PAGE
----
The Federal Aviation Administration is working on a new IT contract for managing its most sensitive systems and wants to hear about new ways to add extra layers of cybersecurity on the network that manages the nation’s air travel.
Federal agencies across government have had to tackle several emergency cybersecurity initiatives in the last few months, including major security breaches like SolarWinds and Microsoft Exchange. The FAA has not been immune.
“The increase in nationally impacting cyber threats and emergency directives is incentivizing the FAA to be more aggressive in its pursuit of protection capabilities,” according to a request for information, which cites specific technologies and security techniques such as zero trust and software-defined networking.
Currently, the agency secures its systems at the network level through vendors on the FAA Telecommunications Infrastructure, or FTI, contract. FAA is working on a follow-on to that contract—dubbed FAA Enterprise Networking Services, or FENS—that will also include security services.
However, the agency wants to go beyond the network with its security options.
“This RFI seeks to gather information on approaches which provide an additional overlay of security services, which is fully independent from the network provider, to provide maximum protection of this critical infrastructure,” the document states.
“The FAA is interested in learning how the migration from predominately deterministic infrastructure solutions—such as time division multiplexing—to shared-use services such as commercial multi-protocol label switching networks, cloud-based technology—both public and private—wireless communications and emerging carrier-based wide area network services will affect the security architecture, the underlying management challenges associated with such an architecture, and the tools associated with supporting both,” the RFI states.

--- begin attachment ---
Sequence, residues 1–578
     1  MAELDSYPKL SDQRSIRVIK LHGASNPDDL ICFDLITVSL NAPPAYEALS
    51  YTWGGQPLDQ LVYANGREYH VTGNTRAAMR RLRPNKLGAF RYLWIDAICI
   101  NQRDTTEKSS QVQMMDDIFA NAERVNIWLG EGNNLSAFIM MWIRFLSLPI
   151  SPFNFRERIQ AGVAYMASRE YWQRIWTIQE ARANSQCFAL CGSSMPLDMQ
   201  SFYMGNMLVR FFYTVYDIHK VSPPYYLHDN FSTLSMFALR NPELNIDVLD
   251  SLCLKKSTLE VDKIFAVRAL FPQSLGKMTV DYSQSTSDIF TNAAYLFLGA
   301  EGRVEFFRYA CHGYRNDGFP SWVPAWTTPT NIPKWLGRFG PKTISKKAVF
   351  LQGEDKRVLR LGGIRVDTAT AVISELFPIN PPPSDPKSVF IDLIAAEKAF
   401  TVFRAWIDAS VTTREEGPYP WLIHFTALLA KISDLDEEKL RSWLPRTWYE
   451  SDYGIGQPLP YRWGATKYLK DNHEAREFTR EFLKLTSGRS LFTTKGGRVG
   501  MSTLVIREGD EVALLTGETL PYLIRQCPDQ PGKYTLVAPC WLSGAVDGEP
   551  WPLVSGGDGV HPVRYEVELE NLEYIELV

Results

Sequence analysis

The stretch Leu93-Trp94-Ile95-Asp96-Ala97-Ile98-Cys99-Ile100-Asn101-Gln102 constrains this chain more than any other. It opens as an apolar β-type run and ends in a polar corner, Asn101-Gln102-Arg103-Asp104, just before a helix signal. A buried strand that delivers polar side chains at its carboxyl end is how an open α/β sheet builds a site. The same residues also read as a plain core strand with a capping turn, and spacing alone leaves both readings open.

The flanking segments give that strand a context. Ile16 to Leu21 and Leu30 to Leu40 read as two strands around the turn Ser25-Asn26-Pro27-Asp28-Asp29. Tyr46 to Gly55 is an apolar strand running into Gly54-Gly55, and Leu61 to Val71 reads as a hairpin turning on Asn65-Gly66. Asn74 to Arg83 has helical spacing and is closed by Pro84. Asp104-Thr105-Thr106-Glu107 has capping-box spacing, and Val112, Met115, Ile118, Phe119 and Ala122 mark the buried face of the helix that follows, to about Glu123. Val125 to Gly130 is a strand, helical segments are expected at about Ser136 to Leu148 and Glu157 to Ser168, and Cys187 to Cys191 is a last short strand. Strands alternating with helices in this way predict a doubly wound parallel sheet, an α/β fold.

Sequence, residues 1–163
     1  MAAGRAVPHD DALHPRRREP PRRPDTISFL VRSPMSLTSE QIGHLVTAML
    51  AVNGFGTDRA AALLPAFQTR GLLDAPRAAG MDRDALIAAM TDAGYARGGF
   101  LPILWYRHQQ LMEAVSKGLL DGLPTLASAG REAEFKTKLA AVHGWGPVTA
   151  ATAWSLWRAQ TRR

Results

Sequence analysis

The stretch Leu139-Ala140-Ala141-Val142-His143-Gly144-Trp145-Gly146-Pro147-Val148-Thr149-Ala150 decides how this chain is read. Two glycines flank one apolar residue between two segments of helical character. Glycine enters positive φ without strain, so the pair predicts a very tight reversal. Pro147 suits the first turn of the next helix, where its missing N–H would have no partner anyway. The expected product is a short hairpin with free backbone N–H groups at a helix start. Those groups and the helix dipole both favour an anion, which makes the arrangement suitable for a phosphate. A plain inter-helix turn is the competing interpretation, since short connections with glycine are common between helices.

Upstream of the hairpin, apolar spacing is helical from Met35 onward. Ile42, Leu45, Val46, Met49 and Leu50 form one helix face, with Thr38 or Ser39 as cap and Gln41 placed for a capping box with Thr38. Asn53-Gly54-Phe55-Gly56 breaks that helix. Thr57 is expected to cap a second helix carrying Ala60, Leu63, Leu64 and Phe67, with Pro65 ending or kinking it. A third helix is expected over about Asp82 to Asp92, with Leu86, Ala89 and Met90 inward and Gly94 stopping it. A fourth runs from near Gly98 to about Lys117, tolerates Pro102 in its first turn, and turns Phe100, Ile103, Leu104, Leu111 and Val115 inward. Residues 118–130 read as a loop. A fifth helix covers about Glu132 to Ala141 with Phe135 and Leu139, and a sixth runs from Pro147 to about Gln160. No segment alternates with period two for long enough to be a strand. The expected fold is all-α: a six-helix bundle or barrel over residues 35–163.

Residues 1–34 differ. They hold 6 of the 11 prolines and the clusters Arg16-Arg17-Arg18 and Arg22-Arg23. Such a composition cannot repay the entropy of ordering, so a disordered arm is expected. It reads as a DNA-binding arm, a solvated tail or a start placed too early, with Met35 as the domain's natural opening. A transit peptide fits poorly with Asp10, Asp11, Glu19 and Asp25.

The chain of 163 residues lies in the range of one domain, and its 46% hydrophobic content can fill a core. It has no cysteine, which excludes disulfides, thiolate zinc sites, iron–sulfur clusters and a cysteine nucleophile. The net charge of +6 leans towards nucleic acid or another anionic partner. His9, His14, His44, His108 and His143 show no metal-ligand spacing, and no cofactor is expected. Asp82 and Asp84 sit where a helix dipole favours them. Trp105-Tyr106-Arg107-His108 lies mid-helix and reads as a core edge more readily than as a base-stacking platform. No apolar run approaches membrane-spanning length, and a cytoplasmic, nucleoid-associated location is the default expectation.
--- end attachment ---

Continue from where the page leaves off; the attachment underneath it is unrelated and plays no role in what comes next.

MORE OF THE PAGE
While the FAA manages three distinct operating environments, the National Airspace System, or NAS, has been designated as critical infrastructure “for which a cyberattack could have catastrophic economic and national defense impacts.” The RFI is focused on increased security for the NAS but includes details on all three networks “to give a context for how the NAS operation is managed today in conjunction with the other environments.”
The NAS performs several key tasks, chief among them: managing all real-time air traffic control services. The RFI notes the system does not support general IT uses—such as email or access to the World Wide Web—and “has very limited tolerance for added performance impacts,” as any latency in data and communications could be catastrophic.
Due to these uses and issues, the NAS has a different set of priorities compared to other sensitive government IT systems
“Unlike general information technology infrastructures that prioritize confidentiality, NAS operations require that availability and integrity of NAS systems, services and data be paramount,” the RFI explains.
The eventual contract will look to include solutions for at least eight security needs:
- Secure communications between trusted endpoint devices.
- Application performance monitoring.
- Dynamic path selection where available.
- In-depth visibility into end-to-end network and application performance.
- The ability to implement granular security policies.
- Protection from distributed denial-of-service attacks.
- Threat intelligence with a unified threat management.
- Next-generation firewall and intrusion detection and prevention capabilities.
The RFI includes 37 questions for industry. Responses are due by 5 p.m. May 17.